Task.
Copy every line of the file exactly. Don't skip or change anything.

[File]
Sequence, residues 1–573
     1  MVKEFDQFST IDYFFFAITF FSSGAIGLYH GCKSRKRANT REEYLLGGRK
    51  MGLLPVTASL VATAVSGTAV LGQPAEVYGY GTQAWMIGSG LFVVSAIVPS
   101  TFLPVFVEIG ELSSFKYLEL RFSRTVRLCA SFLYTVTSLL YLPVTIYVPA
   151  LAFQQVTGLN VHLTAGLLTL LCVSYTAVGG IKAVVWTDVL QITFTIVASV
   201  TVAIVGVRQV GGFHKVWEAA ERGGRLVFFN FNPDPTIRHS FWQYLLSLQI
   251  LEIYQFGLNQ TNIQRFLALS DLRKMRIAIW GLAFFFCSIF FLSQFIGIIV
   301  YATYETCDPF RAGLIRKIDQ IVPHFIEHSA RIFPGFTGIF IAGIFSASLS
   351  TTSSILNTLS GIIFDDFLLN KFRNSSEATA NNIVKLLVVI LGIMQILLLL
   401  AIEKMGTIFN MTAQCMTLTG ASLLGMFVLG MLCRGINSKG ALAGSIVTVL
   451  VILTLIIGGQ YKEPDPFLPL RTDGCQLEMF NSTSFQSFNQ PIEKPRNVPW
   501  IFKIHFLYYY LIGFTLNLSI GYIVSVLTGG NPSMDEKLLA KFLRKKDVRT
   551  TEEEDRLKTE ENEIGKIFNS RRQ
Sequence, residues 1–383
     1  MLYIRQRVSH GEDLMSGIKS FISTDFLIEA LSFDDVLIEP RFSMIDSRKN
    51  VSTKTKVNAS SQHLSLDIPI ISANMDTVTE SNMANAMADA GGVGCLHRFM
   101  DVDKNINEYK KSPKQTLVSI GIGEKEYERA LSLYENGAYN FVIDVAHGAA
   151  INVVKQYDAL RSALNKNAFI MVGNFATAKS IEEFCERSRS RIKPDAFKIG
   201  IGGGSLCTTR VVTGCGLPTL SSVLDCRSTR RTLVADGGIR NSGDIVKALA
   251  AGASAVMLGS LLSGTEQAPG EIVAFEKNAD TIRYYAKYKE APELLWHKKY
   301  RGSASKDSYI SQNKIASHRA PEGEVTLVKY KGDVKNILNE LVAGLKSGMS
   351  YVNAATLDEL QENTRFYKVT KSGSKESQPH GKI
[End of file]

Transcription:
Sequence, residues 1–573
     1  MVKEFDQFST IDYFFFAITF FSSGAIGLYH GCKSRKRANT REEYLLGGRK
    51  MGLLPVTASL VATAVSGTAV LGQPAEVYGY GTQAWMIGSG LFVVSAIVPS
   101  TFLPVFVEIG ELSSFKYLEL RFSRTVRLCA SFLYTVTSLL YLPVTIYVPA
   151  LAFQQVTGLN VHLTAGLLTL LCVSYTAVGG IKAVVWTDVL QITFTIVASV
   201  TVAIVGVRQV GGFHKVWEAA ERGGRLVFFN FNPDPTIRHS FWQYLLSLQI
   251  LEIYQFGLNQ TNIQRFLALS DLRKMRIAIW GLAFFFCSIF FLSQFIGIIV
   301  YATYETCDPF RAGLIRKIDQ IVPHFIEHSA RIFPGFTGIF IAGIFSASLS
   351  TTSSILNTLS GIIFDDFLLN KFRNSSEATA NNIVKLLVVI LGIMQILLLL
   401  AIEKMGTIFN MTAQCMTLTG ASLLGMFVLG MLCRGINSKG ALAGSIVTVL
   451  VILTLIIGGQ YKEPDPFLPL RTDGCQLEMF NSTSFQSFNQ PIEKPRNVPW
   501  IFKIHFLYYY LIGFTLNLSI GYIVSVLTGG NPSMDEKLLA KFLRKKDVRT
   551  TEEEDRLKTE ENEIGKIFNS RRQ
Sequence, residues 1–383
     1  MLYIRQRVSH GEDLMSGIKS FISTDFLIEA LSFDDVLIEP RFSMIDSRKN
    51  VSTKTKVNAS SQHLSLDIPI ISANMDTVTE SNMANAMADA GGVGCLHRFM
   101  DVDKNINEYK KSPKQTLVSI GIGEKEYERA LSLYENGAYN FVIDVAHGAA
   151  INVVKQYDAL RSALNKNAFI MVGNFATAKS IEEFCERSRS RIKPDAFKIG
   201  IGGGSLCTTR VVTGCGLPTL SSVLDCRSTR RTLVADGGIR NSGDIVKALA
   251  AGASAVMLGS LLSGTEQAPG EIVAFEKNAD TIRYYAKYKE APELLWHKKY
   301  RGSASKDSYI SQNKIASHRA PEGEVTLVKY KGDVKNILNE LVAGLKSGMS
   351  YVNAATLDEL QENTRFYKVT KSGSKESQPH GKI